Re: [humanism-174] Radiolab episode

From: sheri p.
Sent on: Tuesday, June 18, 2013 2:59 PM
I liked how the gentleman said, "Hey - There could be a Brian from another universe and if we met right now, he might laugh and say, 'You are still using math????'".

That was a great point.  It is not necessarily utilizing the tools we currently have, but rather finding new ones.




On Tue, Jun 18, 2013 at 2:44 PM, Tim Campbell <[address removed]> wrote:
12-step programs have a phrase that I think fits here:  progress not perfection.  I do not need to know everything, but I do need to strive to know everything! 
 
Are there walls in the way?  Obstacles that are beyond our current tools or capabilities? Certainly.  Will those walls ALWAYS stand in the way of learning more? Maybe, maybe not. 
 
Looking backward in time and history, there will probably always be questions that can only be answered with guesses, ideas, and more often than not "Not a clue!" 
 
The obstacles do not negate the accomplishments; nor do they prevent us from striving, guessing, and idea-producing!
 
I'm cool with that!
 
Tim Campbell 
 
In a message dated 6/18/2013 1:35:35 P.M. Eastern Daylight Time, [address removed] writes:

This was very good!  They talk about:

 The desire to trace your way back to the very beginning, to understand everything -- whether it's the mysteries of love or the mechanics of the universe -- is deeply human. It might also be deeply flawed.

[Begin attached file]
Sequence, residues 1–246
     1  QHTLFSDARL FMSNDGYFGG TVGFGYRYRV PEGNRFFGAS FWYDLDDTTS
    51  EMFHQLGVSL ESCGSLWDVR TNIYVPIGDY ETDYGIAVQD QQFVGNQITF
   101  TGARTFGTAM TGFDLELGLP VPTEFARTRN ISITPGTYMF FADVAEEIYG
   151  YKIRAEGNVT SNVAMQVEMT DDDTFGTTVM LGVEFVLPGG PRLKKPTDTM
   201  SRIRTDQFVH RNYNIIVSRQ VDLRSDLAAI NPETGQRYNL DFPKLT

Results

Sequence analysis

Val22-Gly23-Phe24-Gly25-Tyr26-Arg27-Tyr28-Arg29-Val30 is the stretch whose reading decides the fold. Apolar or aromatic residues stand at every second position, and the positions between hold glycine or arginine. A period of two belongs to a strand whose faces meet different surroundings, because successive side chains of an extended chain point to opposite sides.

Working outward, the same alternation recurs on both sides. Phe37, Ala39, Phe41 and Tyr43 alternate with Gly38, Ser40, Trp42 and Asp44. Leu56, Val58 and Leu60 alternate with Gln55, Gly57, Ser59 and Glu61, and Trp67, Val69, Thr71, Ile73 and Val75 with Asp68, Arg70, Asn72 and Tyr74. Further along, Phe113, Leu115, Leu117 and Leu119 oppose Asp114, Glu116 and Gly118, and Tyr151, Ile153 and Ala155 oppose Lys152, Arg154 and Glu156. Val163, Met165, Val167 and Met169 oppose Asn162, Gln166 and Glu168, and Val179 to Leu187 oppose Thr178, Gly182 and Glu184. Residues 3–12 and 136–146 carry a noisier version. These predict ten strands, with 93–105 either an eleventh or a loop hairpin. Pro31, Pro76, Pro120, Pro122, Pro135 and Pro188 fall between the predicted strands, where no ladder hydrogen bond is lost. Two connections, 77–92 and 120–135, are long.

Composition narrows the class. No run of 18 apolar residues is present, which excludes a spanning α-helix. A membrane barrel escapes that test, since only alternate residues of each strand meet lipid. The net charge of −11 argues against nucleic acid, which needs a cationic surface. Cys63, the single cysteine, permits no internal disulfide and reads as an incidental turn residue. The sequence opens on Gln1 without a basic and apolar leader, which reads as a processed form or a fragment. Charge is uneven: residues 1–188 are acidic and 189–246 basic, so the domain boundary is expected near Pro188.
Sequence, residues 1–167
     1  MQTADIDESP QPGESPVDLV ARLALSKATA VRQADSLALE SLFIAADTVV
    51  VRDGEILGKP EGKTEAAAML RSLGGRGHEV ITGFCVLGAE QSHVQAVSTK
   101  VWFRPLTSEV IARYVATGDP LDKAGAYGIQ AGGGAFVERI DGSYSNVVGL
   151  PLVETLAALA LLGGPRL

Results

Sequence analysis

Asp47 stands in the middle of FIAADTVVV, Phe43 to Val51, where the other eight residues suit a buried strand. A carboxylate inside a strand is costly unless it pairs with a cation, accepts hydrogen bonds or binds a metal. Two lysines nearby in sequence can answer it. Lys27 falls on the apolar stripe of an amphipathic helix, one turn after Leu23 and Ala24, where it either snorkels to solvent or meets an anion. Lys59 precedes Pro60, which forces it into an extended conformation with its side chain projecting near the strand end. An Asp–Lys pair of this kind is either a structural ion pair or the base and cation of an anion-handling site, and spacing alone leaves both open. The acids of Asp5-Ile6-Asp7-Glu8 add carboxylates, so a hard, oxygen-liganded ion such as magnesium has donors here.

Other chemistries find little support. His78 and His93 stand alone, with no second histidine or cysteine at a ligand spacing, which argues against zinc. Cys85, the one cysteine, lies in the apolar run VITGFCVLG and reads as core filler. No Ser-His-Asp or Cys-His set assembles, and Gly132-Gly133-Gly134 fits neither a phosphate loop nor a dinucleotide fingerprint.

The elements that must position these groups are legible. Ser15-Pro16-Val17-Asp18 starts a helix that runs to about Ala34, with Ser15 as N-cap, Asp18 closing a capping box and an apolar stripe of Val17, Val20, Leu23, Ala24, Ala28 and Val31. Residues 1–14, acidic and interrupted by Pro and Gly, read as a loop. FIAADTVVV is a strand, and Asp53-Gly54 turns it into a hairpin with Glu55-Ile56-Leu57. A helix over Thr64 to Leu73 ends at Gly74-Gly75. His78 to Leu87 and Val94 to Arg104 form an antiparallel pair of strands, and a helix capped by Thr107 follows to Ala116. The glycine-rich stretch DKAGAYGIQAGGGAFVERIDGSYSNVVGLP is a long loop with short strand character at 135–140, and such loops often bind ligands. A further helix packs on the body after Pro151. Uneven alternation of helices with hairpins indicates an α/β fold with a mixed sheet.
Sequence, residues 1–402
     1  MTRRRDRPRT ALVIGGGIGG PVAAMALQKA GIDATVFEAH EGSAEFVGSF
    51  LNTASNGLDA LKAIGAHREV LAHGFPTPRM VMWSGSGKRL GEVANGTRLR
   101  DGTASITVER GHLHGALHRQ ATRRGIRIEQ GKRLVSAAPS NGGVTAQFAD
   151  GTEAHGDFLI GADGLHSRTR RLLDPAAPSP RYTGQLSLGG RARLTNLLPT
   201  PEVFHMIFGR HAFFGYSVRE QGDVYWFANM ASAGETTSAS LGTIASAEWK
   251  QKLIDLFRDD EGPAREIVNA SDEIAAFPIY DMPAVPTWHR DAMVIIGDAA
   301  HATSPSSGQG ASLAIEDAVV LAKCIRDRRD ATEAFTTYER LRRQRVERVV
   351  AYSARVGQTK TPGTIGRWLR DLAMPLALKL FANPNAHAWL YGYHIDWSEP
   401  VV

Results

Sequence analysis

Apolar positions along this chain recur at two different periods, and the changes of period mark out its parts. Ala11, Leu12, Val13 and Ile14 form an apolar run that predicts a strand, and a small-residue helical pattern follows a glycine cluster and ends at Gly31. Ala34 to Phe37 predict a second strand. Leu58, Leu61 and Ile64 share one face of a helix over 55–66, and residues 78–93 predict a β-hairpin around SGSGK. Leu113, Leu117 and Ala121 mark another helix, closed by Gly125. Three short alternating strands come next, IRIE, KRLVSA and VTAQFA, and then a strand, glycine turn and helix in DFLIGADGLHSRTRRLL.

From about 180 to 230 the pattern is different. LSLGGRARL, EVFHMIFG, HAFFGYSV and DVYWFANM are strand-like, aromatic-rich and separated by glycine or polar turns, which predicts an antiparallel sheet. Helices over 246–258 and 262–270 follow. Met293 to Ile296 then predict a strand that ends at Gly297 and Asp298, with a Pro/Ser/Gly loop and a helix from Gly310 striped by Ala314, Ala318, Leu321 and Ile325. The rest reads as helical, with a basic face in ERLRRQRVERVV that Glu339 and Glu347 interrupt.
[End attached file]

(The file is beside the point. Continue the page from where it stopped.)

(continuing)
In this short, Jad and Robert talk to a writer and two physicists who are all grappling with versions of the same enormous question: is it possible to understand everything, or are we chasing an impossible dream... one built on questions that always lead to more questions?

Jenny Hollowell kicks things off with her gorgeous short story "A History of Everything, Including You." It's a powerful tale with a sweeping scope -- the history not just of one couple, but everything that led to them -- distilled into a poetic crush of just a few pages. The piece was born out of a sense of frustration Jenny felt about trying to account for "everything" in order to understand her life. And in many ways, her solution speaks to an eerily similar moment of uncertainty in physics. Inspired by an essay written by physicist and novelist Alan Lightman, Robert pays a visit to Brian Greene to ask if the latest developments in theoretical physics spell a crisis for science -- where we find we've reached the limit of what we can see and test, and are left with mathematical equations that can't be verified by experiments 




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